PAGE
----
Like many of the recipes I’ve posted, there is often a story behind them.
This story starts at a housewarming party in 1991, after my husband and I had just purchased our very first house in North Hollywood, and had invited a few friends to join us in celebrating the event. Among the invited guests were my husband’s good friends, Jon and Dave, who happen to be cousins.
At one point during the evening, one of my girlfriends approached me and asked, “Who is the guy over there with the big hair?” referring to Jon, who had a lot of hair at the time. I told her he was my husband’s friend, but I wanted to know why she was asking. She then informed me that he had been advising guests who were just arriving, not to eat the cream puffs as they were bad, or didn’t taste good, or something to that effect! Well, you can imagine the earful I gave Jon. And apparently Cousin Dave had been his partner in crime, also dissuading party guests from eating the cream puffs, so they could both have more for themselves!
The “cream puff incident” has been a topic of conversation for over 20 years now, and we often laugh and joke about it. Jon likes to call them “profiteroles,” emphasizing the second syllable and sounding as if he gets as much joy out of uttering the word as he does from eating them. Dave has been dropping hints about me making him cream puffs for years (since he lives nearby, while Jon now calls Ohio home). In fact, if you’re perusing old posts on my Facebook page, you’ll see lots of references to cream puffs, from Dave!
Well, last year I had wanted to make Dave some cream puffs for his birthday, and because his birthday is a few days before Christmas, I was so harried and busy, I just never got around to it. However, I did write on my 2012 calendar “make David cream puffs for his birthday,” which just happened to be his 50th! So I made it a point to make them!
Here is a photo of Dave with his cream puffs–finally! He was a happy camper!
And here’s the recipe, especially for Jon and Dave, so they can make their own profiteroles!! (By the way, if you’ve ever heard the term “choux pastry,” (choux, pronounced “shoe”) this is what it is.) Also, if you don’t want to make the filling, you can substitute freshly whipped cream, instead, but you won’t know what you’re missing!
Cream Puffs (aka Profiteroles)
adapted from Good Housekeeping Illustrated Book of Desserts
- 1/2 cup (4 oz) butter
- 1 cup water
- 1 cup (5 oz) flour
- 4 eggs at room temperature
- one recipe of Homemade Custard, using all the same ingredients, but reduce the milk to 3/4 cup (6 oz)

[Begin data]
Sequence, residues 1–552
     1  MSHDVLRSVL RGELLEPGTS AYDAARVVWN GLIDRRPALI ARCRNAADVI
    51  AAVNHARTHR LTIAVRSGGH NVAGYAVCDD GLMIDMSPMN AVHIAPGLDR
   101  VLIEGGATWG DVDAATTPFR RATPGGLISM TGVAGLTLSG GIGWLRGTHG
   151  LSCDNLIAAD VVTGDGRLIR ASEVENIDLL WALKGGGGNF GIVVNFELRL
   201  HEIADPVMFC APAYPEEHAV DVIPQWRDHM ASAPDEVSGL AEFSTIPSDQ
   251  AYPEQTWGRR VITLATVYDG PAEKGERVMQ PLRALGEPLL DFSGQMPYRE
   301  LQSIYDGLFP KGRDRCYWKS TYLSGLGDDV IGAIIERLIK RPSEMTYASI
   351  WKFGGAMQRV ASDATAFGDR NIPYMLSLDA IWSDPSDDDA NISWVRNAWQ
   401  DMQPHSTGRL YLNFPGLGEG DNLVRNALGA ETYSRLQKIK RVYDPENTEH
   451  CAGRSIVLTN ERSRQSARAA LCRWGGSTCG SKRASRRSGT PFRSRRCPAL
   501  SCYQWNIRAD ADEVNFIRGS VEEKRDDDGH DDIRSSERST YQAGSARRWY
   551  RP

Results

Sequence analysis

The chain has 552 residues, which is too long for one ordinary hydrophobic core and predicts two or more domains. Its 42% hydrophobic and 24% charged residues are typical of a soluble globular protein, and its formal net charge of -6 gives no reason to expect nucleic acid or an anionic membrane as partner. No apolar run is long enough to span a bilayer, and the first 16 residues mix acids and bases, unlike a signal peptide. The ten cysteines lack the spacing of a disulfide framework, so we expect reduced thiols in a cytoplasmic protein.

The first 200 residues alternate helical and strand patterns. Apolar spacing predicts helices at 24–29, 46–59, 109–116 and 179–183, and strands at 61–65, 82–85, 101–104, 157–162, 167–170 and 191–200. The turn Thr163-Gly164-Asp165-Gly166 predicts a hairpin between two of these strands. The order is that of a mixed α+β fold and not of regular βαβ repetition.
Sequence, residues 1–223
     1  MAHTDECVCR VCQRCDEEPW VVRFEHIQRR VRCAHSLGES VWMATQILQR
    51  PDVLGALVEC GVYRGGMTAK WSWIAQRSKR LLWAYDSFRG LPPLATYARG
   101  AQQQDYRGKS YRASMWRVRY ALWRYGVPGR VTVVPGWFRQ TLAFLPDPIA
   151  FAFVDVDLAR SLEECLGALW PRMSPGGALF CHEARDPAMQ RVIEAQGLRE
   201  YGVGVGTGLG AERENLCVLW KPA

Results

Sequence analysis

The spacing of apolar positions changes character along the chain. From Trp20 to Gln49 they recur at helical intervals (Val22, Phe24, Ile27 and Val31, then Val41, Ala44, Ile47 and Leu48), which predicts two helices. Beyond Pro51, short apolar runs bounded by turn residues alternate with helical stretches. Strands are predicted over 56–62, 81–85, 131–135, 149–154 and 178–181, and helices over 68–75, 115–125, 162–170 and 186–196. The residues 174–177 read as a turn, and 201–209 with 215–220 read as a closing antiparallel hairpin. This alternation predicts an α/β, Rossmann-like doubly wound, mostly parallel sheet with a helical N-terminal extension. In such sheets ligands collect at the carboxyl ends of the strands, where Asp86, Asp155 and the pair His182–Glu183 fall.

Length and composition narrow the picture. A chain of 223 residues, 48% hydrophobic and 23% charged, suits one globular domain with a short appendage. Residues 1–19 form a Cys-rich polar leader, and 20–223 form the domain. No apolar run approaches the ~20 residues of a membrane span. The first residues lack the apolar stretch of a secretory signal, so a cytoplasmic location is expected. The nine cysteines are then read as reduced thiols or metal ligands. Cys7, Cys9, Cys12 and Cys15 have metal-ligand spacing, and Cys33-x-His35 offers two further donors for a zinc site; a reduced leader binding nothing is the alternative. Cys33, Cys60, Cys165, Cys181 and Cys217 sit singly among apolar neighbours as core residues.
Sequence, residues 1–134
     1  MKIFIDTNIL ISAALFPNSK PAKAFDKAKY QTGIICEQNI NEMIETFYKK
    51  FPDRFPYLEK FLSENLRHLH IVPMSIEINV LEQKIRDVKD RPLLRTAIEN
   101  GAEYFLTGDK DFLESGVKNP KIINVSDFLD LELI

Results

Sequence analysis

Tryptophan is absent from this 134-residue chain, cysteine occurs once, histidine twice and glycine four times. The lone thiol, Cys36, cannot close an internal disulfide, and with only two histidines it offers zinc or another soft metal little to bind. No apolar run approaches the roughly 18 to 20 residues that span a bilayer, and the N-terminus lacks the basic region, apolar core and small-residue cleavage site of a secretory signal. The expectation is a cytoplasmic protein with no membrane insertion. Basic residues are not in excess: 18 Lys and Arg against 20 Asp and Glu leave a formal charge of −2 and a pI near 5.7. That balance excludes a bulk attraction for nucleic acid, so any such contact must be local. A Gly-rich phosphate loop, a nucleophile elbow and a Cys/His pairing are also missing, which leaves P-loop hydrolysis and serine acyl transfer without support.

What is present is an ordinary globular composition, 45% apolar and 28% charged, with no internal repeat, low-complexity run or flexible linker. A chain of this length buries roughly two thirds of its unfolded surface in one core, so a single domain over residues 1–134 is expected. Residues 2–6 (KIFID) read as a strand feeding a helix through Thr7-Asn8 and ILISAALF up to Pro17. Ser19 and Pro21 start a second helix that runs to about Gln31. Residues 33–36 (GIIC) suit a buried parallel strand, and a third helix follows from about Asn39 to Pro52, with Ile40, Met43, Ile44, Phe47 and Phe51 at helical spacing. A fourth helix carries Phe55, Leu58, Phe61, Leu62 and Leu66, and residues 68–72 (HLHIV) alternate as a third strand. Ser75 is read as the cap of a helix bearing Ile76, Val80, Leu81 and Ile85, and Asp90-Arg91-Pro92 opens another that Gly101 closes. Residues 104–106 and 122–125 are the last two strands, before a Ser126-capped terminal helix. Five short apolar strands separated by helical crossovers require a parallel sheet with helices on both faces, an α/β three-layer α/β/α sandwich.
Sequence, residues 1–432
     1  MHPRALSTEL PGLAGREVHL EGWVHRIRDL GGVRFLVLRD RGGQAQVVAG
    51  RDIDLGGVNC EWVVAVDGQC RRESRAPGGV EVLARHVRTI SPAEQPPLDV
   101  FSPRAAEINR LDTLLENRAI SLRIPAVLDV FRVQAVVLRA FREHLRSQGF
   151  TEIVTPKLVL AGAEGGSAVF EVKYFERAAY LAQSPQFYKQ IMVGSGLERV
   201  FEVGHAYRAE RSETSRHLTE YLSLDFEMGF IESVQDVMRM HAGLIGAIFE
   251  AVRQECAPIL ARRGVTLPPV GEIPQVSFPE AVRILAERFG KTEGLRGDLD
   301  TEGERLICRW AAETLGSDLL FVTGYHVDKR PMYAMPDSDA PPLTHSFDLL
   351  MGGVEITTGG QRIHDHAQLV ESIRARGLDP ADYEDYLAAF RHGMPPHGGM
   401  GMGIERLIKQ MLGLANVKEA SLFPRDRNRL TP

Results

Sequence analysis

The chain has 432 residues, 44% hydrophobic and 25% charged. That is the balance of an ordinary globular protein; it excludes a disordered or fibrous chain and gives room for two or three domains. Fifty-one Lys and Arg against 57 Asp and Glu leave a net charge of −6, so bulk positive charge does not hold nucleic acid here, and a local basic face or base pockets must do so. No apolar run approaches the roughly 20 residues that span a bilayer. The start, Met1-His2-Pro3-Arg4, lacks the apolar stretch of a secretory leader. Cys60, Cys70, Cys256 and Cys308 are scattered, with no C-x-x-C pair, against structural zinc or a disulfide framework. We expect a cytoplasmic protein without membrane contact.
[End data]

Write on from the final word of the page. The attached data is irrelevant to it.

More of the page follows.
- 3/4 cups (6 oz) heavy whipping cream, whipped to stiff peaks
- 2 tbsp Grand Marnier liqueur
- Chocolate Glaze (optional)
- 1/4 cup (2 oz) dark chocolate
- 1 1/2 oz heavy whipping cream
- Confectioner’s sugar to dust
Heat oven to 400ºF.
First prepare the choux pastry, by placing the butter and water in a medium sized saucepan over medium heat, until it comes to a rolling boil.
Add the flour, all at once, and stir vigorously with a wooden spoon for about a minute…
…until the mixture forms a ball.
Remove from heat, and add an egg, beating well, until well incorporated, before adding the next.
Repeat with remaining eggs, until. the batter is smooth and satiny.
Place spoonfuls of the batter onto a prepared baking sheet, about 3″ apart.
Bake for about 30 minutes. Turn off oven, and leave for 10 minutes, then place on cooling rack. While the cream puffs are baking, make the filling and chocolate glaze (see recipes below.)
How to make the filling:
Whisk the prepared custard, and allow to cool, stirring occasionally so it doesn’t form a skin.
Fold in the whipped cream, until evenly blended. Keep covered and refrigerated until needed.
Make the chocolate glaze by placing the chocolate and cream together in a small pot until the chocolate is melted. Set aside.
When the cream puffs are cool, slice in half and remove any filaments of raw dough with spoon.
Fill each cream puff with a spoonful of filling.
Decorate with the chocolate glaze…
…alternately, you can just dust the cream puffs with powdered sugar.
Refrigerate if not serving immediately, but they are best served right away.
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